EDMONTON-Dramatic accusations of “betrayal” spilled onto the floor of a political convention Saturday as Alberta New Democrats defended their environmental record and sought to fight off anti-oil sentiments coming from the rest of their federal party.
The federal New Democrats are holding their first convention since their disappointing third-place finish in the 2015 general election campaign.
But with the political future of federal leader Thomas Mulcair hanging in the balance ahead of a leadership vote on Sunday, the provincial NDP government moved into convince his caucus not to endorse a policy document that opposes new pipelines and calls for a rapid shift to deploy clean energy infrastructure.
The document, the Leap Manifesto, is among many topics debated by the NDP at the convention.
Alberta Environment Minister Shannon Phillips got in front of the debate about the manifesto by telling federal NDP MPs at their caucus that the document represented a “betrayal” of the Albertans who voted for the NDP last year, the Globe and Mail reported.
We are who we are
Speaking after the caucus, Phillips later told National Observer that her province has the strongest climate change plan in the country - introduced last November. So it intends to support new pipeline infrastructure that will allow its oil and gas industry to export its products, she said.
“Alberta has the right to develop its resources,” said Phillips in an interview. “We don’t have anything to negotiate about that. We are who we are.”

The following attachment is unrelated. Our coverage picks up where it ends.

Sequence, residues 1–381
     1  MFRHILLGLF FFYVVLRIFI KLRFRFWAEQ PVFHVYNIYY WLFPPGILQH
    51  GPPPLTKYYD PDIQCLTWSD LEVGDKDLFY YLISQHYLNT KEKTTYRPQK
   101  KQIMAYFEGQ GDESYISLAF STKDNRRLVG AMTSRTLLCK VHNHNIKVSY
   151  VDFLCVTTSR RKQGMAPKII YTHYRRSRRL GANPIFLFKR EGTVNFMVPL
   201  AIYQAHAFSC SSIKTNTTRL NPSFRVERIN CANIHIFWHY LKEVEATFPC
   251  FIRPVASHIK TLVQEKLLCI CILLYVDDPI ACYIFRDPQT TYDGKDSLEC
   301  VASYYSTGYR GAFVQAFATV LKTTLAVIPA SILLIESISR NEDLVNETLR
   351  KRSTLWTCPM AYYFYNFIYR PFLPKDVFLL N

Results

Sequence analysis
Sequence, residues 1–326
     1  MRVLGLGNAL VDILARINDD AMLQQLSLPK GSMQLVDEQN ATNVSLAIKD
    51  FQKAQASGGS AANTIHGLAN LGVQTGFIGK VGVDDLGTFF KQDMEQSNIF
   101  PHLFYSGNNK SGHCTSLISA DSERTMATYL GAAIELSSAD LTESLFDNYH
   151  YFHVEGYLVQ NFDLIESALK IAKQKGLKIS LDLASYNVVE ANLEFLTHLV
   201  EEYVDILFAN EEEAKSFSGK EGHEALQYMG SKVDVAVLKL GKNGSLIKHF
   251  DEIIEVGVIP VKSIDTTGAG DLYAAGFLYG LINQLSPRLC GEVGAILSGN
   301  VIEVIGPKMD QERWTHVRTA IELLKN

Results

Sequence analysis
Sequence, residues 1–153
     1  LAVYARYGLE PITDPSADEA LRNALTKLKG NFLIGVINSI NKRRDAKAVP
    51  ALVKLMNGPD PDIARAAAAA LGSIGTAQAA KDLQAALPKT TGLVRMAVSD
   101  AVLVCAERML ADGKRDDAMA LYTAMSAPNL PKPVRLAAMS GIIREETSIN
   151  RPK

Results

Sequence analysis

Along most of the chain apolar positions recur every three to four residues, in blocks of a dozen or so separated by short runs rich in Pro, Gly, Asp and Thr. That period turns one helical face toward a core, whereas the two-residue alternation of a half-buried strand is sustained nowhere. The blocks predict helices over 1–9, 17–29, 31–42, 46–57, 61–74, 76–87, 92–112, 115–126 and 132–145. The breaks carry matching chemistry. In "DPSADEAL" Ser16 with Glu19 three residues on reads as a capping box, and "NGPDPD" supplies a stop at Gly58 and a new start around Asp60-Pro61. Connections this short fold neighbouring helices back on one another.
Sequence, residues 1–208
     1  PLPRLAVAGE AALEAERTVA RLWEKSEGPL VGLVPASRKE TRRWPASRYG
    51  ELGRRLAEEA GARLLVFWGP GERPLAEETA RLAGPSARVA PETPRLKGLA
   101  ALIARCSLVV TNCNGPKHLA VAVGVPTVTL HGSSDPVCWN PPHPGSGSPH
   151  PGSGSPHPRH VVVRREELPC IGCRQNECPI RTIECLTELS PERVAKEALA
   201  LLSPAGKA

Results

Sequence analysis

The plea was accepted by some New Democrats, including its only Alberta MP, Linda Duncan, a long-time environmental advocate, who thanked Phillips for making an “inspiring” speech.
“The Leap Manifesto is coming from people who aren’t exactly part of the party,” said Duncan, who represents the federal riding of Edmonton-Strathcona.
Duncan said that the anti-oil sentiment in Canada emerged because Conservative prime minister Stephen Harper's government shredded Canada's environmental laws. “Harper shredded it all." she said.
However, she added “people need a wakeup call,” since shipping oil through pipelines is safer than by rail.
Superpower for the 21st century
Avi Lewis, a journalist and writer with deep New Democratic Party roots, told National Observer on Friday, that he and other members were still working to win over the NDP prairie section about their proposal regarding the manifesto. It calls for the party to debate each section of the document, and not necessarily to adopt it in its entirety, he said.
He added that Alberta is rich in solar, wind and geothermal resources and should start exploiting them.
“Alberta should be spending money on becoming the superpower for the 21st century not the 19th century,” said Lewis.
Although he noted that the manifesto said nothing about keeping oil in the ground, Lewis said it doesn’t make sense to build pipeline in Canada, if the country wants to tackle climate change.
“We have no choice, but to transition out of oil,” said Lewis, who added that the scientific consensus is that Canada need to be out from fossil fuels by 2050 if it wants to avoid the worst of climate change.
Attack on Alberta